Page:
Chasing (Up) the (Chocolate) Bunnies

I posted this on the Modern Day Slavery blog as part 3 of my “Confessions of a Shopaholic” adventure.

This is a follow-up post looking at the deeper problem behind unethically sourced cocoa – we have to do more than just buy Fairtrade chocolate Easter bunnies.

Someone with whom I entered into conversation about this was Eddie Arthur who lived in the Ivory Coast, the country which was cited in this article, which refers to horrific instances of child slavery in the cocoa industry, for 12 years; 6 of those in a cocoa-producing village. His take on the issue was so interesting and challenging that I had to (with his permission) share it with you.

In his time in the Ivory Coast, Eddie did not see signs of the kinds of slavery that tend to be documented, and neither did anyone he knew. Whilst some cocoa is indeed produced through child and forced labour, it seems the issue is over-hyped, and the BBC correspondent based in the Ivory Coast has also expressed this opinion.

Though Eddie has never seen signs of child trafficking in the Ivorian cocoa industry, he has seen things that are just as concerning. They include:

– Children working very long hours and missing out on education due to working in the fields of their parents who work even longer hours, and who would rather their children get the opportunity to be in school.

– School teachers cancelling classes and bringing the children to work in their fields. Teachers are often not paid their salaries.

– The reason for this poverty is that cocoa and coffee growers are continually impoverished due the government agency buying the cocoa at far below the market rate.

– The Ivorian Government has been prevented from building a cocoa treatment plan by the EU, so that what is exported is cheap cocoa rather than a refined product which would fetch more money.

Eddie writes, “and so it goes on. Every day, cocoa farmers are subjected to grinding poverty across the country. It is the underlying injustices that are endemic to the situation which cause the poverty and which are also the causes and child trafficking that occurs.”

Thus, our solution cannot simply be to boycott companies found to buy from unethical sources. Indeed, in the case of the Ivory Coast, after having gone a horrific civil war, the cocoa and coffee trade has dried up and a boycott of these would prevent recovery and perpetuate the problem of poverty in the country. I believe that we need to take a step back and instead of focusing solely on slavery, focus on the poverty that makes people vulnerable to it. How can we address this in the context of the chocolate firms we buy from?

Cocoa growers have little contact with firms such as Nestle and Cadbury’s. A mediating Government agency buys the product first before selling it on to the big entreprises. It is in this process that the corruption takes the stage and this is what we need to ask Nestle and Cadbury’s, as well as the Government agencies themselves to address: we need to tell them that we do not want our chocolate (or other products) to be produced by children whose parents cannot afford to send them to school, by communities who are locked in poverty. We want Nestle, Cadbury’s, etc… to work with the EU and Government agencies to ensure policies are set in place for fair payment to be made to all parties and to invest in the communities they buy from – I certainly wouldn’t mind paying a higher price for my Easter bunny if I knew it meant that the right price was paid to the people who harvested the cocoa so that their children could be free to go to school in order to get an education and in doing so, to contribute to this recovery.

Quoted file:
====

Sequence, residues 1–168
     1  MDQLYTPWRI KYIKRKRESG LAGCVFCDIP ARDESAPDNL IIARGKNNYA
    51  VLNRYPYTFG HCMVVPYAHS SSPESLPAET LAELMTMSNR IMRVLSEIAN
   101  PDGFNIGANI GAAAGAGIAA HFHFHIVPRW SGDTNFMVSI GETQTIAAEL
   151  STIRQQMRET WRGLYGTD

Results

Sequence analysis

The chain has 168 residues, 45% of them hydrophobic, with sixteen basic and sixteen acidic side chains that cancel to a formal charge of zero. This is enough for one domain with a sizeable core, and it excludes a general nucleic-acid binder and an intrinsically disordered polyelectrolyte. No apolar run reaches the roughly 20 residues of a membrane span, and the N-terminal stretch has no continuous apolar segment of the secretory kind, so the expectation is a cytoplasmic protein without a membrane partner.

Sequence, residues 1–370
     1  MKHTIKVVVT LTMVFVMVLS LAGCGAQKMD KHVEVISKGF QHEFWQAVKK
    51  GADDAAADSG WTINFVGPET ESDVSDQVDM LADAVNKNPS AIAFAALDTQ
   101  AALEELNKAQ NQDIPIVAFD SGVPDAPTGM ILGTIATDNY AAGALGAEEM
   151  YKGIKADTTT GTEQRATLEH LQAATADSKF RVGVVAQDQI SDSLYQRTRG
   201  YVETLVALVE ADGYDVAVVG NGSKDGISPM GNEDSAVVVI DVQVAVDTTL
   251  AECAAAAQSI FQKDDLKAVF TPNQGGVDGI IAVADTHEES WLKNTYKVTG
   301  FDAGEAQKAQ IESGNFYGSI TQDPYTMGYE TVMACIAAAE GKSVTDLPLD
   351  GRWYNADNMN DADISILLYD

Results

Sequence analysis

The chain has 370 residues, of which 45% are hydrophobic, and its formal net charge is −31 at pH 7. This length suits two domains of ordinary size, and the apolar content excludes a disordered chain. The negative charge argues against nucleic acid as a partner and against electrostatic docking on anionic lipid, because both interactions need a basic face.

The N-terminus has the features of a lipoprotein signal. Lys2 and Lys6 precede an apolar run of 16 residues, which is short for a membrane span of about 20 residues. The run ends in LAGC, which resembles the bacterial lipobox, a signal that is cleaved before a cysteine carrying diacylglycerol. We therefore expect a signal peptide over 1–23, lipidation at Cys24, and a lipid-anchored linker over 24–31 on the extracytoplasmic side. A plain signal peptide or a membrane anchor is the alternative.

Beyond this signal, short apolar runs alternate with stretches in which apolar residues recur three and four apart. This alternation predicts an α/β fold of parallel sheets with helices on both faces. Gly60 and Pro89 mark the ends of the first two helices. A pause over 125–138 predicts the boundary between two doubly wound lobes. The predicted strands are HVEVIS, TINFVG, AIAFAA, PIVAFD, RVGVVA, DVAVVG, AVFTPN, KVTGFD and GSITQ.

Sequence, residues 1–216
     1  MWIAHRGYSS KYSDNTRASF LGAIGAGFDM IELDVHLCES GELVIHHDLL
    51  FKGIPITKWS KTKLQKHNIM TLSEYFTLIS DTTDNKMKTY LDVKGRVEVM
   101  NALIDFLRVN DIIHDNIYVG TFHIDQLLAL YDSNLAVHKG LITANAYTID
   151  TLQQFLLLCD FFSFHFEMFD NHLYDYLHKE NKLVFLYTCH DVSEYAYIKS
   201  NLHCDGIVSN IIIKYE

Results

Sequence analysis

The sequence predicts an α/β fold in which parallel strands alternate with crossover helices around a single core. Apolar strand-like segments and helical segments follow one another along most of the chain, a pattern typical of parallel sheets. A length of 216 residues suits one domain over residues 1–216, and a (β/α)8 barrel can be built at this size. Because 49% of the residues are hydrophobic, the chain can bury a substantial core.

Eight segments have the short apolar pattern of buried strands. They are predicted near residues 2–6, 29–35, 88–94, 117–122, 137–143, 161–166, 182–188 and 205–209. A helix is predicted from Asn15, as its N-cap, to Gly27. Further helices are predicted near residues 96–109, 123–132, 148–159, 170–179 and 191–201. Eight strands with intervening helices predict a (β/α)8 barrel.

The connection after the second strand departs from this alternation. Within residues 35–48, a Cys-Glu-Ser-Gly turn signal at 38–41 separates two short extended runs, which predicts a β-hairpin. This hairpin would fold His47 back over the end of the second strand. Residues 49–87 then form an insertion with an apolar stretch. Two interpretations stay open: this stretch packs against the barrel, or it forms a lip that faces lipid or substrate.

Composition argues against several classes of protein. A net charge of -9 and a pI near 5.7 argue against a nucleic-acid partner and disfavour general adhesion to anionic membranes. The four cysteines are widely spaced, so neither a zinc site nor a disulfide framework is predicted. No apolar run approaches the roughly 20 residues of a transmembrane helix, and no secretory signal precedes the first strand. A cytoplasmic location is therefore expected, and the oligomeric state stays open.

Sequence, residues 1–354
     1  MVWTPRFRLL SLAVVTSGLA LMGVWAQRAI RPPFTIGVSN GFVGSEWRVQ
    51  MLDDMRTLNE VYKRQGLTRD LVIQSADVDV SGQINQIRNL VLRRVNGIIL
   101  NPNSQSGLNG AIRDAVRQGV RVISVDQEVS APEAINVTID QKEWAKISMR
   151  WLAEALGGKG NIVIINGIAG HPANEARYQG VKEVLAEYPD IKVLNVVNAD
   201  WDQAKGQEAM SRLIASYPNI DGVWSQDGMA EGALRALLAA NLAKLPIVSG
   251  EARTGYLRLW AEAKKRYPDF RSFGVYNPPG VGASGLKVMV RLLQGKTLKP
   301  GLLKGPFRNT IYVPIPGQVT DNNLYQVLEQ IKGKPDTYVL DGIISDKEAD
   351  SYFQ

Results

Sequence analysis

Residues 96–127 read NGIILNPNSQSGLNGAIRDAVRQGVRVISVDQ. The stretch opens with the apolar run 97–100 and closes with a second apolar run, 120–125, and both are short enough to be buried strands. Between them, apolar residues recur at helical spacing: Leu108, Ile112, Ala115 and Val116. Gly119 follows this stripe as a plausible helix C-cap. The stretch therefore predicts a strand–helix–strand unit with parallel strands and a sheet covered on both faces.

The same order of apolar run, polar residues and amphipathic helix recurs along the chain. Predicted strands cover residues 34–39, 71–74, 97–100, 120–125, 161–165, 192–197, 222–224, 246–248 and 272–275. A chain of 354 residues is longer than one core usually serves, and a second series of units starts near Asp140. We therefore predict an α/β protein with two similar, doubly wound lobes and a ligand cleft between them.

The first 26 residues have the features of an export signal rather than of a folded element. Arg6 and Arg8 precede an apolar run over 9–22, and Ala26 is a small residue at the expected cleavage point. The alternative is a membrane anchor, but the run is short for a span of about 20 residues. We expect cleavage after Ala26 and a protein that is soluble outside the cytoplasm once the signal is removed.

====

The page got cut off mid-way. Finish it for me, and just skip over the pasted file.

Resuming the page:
In essence, it is not enough to silently buy products displaying the Fairtrade label. Boycotting will not achieve our goal: this is something I will explore in later posts as there are many reasons for this; pertaining particularly to this issue however, boycotting does not communicate a whole message to the companies. We don’t only want products that are not directly encouraging slavery. We need to tell companies why we are not happy to buy their products that are produced by slaves AND let them know that we are behind them in their initiatives towards wider ethical policies and community investments which would prevent the poverty that makes people vulnerable to slavery.

We need to contact Nestle, Cadbury’s, Hershey’s
and our other chocolate product suppliers – as well the other companies we, as consumers, buy from. It is good to sign petitions that do make a difference, but we need to also write to these companies with more elaborate messages.

To finish, back to Eddie: “There is no smoke without fire, and I’m sure that some of the claims about child trafficking and slavery are accurate. However, the corruption and injustice goes much deeper and is much more widespread than people give it credit for.”

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